Problems with Triple Tonguing

Discussion in 'Trumpet Discussion' started by Bach 1 1/4C Man, Nov 24, 2004.

  1. Bach 1 1/4C Man

    Bach 1 1/4C Man Pianissimo User

    Jun 10, 2004
    I have learn how to triple tongue but I might be making it even difficult than it really is said my teacher tu tu ku and du du gu are what I'm going to use. I want Manny Laureano help with this if you don't mind.
  2. Manny Laureano

    Manny Laureano Utimate User

    Sep 29, 2004
    dear Bach,

    With very few exceptions, that's the way that I triple tongue. I won't get into the exceptions because it's just going to confuse the situation.

    At any rate, Tu versus Du is merely a contextual matter. That is, if I'm playing a cornet solo I lighten the tongue and play with more Du to maintain a nice flow. In the orchestra, I'm a little more prone to use the Tu because of how much further I have to project and because the orchestral fabric might be more dense.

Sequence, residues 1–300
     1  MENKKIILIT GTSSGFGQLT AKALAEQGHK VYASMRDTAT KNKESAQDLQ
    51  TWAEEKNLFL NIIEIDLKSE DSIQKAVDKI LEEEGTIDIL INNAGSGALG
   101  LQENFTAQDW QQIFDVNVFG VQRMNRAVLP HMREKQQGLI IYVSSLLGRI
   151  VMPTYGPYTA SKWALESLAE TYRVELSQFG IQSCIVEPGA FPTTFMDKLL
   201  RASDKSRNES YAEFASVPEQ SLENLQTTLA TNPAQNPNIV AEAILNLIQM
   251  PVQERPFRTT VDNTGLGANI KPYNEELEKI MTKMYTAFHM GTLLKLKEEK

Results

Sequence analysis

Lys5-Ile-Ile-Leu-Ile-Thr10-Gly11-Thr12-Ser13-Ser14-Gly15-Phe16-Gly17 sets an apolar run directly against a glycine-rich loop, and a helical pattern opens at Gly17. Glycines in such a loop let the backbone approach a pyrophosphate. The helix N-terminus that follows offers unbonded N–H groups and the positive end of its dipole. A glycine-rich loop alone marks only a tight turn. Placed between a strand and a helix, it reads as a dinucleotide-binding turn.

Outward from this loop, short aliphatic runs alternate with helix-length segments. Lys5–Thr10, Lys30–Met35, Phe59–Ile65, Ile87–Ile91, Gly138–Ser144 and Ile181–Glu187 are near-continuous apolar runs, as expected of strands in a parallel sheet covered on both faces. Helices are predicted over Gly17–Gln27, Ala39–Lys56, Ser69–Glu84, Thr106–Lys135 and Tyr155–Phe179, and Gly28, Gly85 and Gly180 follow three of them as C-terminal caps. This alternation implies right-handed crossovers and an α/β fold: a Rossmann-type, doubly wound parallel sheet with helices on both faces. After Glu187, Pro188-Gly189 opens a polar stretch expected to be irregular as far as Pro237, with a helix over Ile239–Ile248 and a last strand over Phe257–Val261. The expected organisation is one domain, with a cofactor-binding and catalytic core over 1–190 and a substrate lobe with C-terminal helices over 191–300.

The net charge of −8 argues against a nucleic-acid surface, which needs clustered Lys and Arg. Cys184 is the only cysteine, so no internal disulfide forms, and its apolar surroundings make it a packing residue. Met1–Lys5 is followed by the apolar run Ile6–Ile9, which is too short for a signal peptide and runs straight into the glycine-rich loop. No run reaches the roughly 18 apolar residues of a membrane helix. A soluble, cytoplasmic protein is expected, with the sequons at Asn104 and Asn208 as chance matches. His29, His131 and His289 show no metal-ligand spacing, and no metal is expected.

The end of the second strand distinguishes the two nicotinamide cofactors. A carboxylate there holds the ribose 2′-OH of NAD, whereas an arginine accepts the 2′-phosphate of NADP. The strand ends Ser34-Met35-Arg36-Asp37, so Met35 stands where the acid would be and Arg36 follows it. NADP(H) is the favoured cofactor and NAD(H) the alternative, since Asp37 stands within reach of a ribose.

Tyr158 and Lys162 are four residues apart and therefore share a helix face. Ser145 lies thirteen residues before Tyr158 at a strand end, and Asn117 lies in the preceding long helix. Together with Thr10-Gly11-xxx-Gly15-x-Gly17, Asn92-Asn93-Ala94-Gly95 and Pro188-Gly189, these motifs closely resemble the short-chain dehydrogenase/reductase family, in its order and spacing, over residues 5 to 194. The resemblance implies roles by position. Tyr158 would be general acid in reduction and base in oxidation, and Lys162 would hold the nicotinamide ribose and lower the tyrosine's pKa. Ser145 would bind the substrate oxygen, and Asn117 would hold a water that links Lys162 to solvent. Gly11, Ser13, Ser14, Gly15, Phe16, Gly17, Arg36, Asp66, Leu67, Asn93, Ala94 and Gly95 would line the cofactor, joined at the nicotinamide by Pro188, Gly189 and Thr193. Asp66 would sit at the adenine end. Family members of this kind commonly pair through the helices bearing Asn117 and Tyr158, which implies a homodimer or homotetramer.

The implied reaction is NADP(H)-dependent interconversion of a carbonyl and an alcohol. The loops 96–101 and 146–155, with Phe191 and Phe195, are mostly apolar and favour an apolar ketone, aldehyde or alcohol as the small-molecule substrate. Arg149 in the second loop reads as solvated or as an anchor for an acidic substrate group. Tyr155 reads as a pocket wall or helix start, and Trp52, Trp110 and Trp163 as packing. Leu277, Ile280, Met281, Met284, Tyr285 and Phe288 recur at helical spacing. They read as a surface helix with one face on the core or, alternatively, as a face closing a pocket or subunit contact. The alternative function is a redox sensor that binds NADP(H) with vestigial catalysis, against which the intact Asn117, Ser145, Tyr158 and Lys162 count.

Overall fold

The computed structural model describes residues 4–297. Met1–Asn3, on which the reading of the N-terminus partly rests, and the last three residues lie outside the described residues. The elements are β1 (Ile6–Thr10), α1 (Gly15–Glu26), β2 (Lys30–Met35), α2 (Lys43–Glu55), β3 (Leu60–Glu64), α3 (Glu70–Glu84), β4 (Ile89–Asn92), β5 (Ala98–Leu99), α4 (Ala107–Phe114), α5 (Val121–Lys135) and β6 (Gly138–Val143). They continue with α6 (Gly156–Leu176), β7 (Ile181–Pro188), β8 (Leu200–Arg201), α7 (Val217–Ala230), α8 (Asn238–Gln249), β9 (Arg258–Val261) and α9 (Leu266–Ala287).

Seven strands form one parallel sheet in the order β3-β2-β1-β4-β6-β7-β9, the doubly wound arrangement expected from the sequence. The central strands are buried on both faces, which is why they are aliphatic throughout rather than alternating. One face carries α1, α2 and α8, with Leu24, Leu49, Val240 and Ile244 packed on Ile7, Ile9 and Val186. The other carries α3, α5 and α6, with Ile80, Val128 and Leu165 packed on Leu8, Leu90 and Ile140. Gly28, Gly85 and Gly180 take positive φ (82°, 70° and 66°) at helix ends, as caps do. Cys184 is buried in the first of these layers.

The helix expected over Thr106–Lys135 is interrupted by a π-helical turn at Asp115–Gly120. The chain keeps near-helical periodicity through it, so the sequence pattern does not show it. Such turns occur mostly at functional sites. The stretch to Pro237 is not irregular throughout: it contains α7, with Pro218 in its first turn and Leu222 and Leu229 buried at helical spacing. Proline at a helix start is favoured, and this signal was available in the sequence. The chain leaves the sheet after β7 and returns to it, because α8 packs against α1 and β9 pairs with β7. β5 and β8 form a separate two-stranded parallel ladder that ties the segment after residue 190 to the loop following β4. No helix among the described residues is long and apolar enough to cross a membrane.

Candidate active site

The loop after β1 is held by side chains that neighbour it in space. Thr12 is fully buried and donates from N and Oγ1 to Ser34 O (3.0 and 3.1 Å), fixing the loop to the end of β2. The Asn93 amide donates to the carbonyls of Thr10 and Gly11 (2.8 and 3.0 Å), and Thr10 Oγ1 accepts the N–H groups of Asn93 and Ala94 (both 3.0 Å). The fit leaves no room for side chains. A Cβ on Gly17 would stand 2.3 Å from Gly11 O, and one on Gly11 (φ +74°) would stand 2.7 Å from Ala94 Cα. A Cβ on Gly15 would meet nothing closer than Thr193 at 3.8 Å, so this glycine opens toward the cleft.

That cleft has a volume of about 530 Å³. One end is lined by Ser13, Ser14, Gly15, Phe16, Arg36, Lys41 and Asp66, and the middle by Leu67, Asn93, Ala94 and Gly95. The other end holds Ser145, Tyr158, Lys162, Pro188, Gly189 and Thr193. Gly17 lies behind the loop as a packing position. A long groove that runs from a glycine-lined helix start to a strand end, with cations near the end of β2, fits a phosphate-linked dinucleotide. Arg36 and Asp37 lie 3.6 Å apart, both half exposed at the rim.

Having written that, you realize that there are always exceptions, right?

    The bottom line is that the multiple tongues, soft or hard, should maintain a good aitflow and not be resrticted by the to-and-fro motions of the tongue. The best advice I can give you overall is to make sure that when multiple tonguing, try to keep the tip of the tongue towards the front of the mouth and keep the back of the mouth open.

    Don't forget to breathe big, always... Air is free!

    ML [/b]

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